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Virology. 1999 May 25;258(1):84-94.

Inclusion of the NS2-specific exon in minute virus of mice mRNA is facilitated by an intronic splicing enhancer that affects definition of the downstream small intron.

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Department of Molecular Microbiology and Immunology, School of Medicine, Columbia, Missouri, 65212, USA.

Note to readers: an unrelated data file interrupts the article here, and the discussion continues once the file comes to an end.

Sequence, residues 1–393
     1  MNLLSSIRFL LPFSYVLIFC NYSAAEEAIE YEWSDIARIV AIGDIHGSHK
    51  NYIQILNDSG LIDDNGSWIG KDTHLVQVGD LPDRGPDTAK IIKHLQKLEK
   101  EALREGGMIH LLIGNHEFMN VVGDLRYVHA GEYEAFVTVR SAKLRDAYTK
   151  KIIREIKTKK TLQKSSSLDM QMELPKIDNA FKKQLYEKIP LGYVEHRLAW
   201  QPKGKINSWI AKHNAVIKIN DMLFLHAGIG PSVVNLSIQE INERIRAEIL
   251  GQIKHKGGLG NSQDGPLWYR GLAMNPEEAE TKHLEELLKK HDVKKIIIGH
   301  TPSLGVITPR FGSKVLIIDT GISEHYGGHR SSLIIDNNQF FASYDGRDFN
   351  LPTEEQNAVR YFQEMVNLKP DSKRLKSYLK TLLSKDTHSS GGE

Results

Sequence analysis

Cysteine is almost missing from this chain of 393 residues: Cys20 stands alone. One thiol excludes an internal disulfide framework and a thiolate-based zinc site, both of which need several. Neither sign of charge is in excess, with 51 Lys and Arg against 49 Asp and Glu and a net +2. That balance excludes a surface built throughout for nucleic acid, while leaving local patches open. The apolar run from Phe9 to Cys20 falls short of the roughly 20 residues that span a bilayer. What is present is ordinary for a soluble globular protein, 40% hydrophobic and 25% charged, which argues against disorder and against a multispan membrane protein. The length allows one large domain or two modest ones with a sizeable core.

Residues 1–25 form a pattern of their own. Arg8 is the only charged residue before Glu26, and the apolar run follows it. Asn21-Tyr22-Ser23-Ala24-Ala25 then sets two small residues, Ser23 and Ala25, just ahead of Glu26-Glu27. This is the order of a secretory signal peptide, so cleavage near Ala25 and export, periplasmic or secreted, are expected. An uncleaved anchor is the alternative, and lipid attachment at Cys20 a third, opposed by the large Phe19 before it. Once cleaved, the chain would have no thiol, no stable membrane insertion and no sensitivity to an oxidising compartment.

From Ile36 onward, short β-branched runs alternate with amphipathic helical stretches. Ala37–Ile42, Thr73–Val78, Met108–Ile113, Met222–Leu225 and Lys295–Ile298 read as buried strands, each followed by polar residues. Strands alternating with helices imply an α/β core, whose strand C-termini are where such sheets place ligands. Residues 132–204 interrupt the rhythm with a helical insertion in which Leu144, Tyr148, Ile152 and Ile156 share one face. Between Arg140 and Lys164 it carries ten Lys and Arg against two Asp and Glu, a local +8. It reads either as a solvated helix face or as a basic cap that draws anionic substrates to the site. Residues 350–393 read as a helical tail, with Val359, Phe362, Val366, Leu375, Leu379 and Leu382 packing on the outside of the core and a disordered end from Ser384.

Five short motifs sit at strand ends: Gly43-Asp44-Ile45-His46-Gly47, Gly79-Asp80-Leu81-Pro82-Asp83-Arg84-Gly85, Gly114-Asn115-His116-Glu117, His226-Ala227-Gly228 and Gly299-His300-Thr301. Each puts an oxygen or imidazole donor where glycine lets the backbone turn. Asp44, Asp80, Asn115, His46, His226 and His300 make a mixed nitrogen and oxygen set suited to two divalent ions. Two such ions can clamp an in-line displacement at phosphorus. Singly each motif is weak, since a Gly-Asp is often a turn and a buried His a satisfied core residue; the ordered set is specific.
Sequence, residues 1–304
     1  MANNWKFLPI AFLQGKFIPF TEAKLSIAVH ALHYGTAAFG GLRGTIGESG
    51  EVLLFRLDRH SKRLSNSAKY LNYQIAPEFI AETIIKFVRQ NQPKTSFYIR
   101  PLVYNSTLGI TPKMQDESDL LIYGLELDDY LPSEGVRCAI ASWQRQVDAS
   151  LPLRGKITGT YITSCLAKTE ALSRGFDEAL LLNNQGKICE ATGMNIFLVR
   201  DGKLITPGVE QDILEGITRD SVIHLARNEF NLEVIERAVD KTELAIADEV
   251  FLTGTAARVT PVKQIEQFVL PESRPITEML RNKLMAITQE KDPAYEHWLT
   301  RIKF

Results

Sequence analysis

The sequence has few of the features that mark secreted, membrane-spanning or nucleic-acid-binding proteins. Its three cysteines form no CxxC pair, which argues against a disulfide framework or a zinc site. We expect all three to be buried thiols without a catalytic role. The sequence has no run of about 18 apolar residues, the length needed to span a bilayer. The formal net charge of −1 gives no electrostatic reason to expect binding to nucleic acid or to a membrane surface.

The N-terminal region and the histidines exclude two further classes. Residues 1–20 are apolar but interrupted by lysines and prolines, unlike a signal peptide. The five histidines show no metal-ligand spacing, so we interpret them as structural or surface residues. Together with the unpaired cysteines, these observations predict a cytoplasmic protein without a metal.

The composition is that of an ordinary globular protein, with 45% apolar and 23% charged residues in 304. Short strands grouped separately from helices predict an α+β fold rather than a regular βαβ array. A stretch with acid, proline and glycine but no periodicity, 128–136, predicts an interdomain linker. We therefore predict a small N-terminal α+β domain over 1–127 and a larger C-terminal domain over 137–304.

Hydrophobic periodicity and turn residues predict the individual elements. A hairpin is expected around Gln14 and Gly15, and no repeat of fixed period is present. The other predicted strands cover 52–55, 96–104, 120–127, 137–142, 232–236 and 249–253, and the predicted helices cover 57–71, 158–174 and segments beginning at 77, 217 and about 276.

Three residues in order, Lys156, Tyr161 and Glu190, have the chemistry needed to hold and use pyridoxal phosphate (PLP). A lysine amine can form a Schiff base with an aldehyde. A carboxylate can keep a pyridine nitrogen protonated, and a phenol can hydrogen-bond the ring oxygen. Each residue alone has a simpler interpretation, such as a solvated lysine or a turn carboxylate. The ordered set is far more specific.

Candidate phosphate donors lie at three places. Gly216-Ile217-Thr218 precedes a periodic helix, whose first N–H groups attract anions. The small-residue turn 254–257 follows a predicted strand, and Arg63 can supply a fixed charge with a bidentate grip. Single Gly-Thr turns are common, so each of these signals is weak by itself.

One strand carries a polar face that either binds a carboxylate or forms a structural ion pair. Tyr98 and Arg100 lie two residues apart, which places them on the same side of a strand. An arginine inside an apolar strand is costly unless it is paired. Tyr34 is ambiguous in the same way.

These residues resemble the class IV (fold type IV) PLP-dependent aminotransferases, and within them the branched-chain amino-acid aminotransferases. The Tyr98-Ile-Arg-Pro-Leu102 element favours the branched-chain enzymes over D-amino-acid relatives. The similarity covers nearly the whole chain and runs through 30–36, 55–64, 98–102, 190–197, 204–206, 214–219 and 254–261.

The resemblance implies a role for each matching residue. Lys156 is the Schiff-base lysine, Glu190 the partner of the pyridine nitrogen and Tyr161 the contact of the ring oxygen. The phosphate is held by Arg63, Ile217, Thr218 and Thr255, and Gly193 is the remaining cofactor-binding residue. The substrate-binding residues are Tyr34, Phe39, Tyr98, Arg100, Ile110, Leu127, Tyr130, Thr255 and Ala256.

Alternative splicing of pre-mRNAs plays a critical role in maximizing the coding capacity of the small parvovirus genome. The small-intron region of minute virus of mice (MVM) pre-mRNAs undergoes an unusual pattern of overlapping alternative splicing, using two donors, D1 and D2, and two acceptors, A1 and A2, within a region of 120 nucleotides, that governs the steady-state ratios of the various viral mRNAs. In a previous report we demonstrated that a complex interaction between both donor and acceptor sequences, as well as the constraints of size, defines the small intron and governs its alternative splicing. We also identified a G-rich intronic splicing enhancer sequence (IES) that appeared to function as both an intron- and an exon-defining element. In this report we further examined the components that govern MVM small-intron splicing. In fully processed wild-type mRNAs, A1 is used preferentially over A2. In this report, we show that in the context of the wild-type small intron the position of the downstream acceptor A2 was preferred, and the primary sequence of A1 must be stronger for it to be utilized at wild-type efficiency. Use of A2 in generation of the minor spliced forms D2/A2 required the IES because of a weak A2 polypyrimidine tract and because of the relative strength of A1. The small size of the intron and the relative position of the IES were also shown to play a critical role in donor and acceptor site selection. Finally, we have further characterized how the IES functions as an intronic enhancer of upstream exon definition. When the small intron was expanded, upstream exon inclusion was dependent upon the position of the IES. Within the context of the small intron, alterations of the small intron that overcame the requirement for the IES for splicing to A2 also permitted wild-type levels of upstream exon inclusion in the absence of the IES, suggesting that, in its natural context, the IES facilitates upstream exon inclusion by affecting small-intron definition.

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